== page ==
China blasts Singapore's military co-operation with Taiwan
|Report an Error|
Share via Email
BEIJING — A Chinese state newspaper on Tuesday criticized Singapore over the Southeast Asian city-state's military training with self-governing Taiwan, following the impounding of nine Singaporean infantry fighting vehicles transiting through Hong Kong.
The Communist Party-run Global Times said in an editorial Tuesday that Singapore was responsible for the incident, but gave no details about what laws or regulations have been broken by the shipping of the
The editorial said China has long opposed all forms of military
"China opposes the outside world having any form of military
"Any training matters between us and other countries are bilateral, and we should not unnecessarily, until the facts come out, muddle the picture and impute various motives," he said.
Ng said Singapore "plays a positive role in cross-strait relations, and we will continue to do so," citing as an example the city-state's hosting of a historic meeting last year between Chinese President Xi Jinping and Taiwan's then-president, Ma Ying-jeou.
On Monday, a Chinese foreign ministry spokesman said that Beijing has lodged a complaint with Singapore following the seizure of the vehicles. Geng Shuang reiterated China's opposition to military and other exchanges between Taiwan and the countries China has ties with.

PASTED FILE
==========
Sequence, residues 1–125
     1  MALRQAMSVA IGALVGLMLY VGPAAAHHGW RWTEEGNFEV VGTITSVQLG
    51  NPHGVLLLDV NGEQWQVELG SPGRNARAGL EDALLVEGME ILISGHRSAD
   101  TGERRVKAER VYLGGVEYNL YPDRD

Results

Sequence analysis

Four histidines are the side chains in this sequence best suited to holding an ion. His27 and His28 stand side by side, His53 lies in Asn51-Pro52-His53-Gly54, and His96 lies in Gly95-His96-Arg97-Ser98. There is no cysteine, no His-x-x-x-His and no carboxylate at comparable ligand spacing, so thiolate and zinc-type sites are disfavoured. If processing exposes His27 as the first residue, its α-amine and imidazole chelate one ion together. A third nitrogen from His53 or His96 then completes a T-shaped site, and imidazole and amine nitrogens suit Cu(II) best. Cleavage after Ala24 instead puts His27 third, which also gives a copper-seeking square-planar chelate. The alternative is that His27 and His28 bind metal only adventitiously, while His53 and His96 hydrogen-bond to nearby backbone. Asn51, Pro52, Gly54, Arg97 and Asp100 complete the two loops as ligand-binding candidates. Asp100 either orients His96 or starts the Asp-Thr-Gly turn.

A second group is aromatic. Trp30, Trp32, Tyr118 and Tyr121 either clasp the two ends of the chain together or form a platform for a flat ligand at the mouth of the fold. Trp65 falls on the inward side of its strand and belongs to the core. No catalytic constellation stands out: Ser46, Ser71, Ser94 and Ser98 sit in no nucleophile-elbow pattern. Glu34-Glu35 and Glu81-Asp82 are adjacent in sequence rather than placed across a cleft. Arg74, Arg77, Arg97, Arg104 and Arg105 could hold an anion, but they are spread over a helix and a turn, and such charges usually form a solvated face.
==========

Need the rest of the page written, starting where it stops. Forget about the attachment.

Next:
"We urge the Singaporean government to stay committed to the one-China principle," Geng said at a regular briefing.
Last week, Singapore's
Singapore's army chief, Maj. Gen. Melvyn Ong, said Tuesday that the vehicles had been shipped commercially and the military was still attempting to ascertain the reason for the detainment.
Hong Kong's South China Morning Post newspaper has said Singaporean authorities would need to contact China's foreign ministry to get the vehicles back. The militaries of Taiwan and Singapore have long trained together, much to the irritation of Beijing.
The seizure also comes amid Chinese displeasure over Singapore's calls for China to heed international rulings over territorial claims in the South China Sea, which Beijing says belongs to it almost in its entirety. China says international law has no jurisdiction over the matter.
Some experts have speculated that China would use the seized military shipment to pressure Singapore to adopt a friendlier stance toward China on the dispute.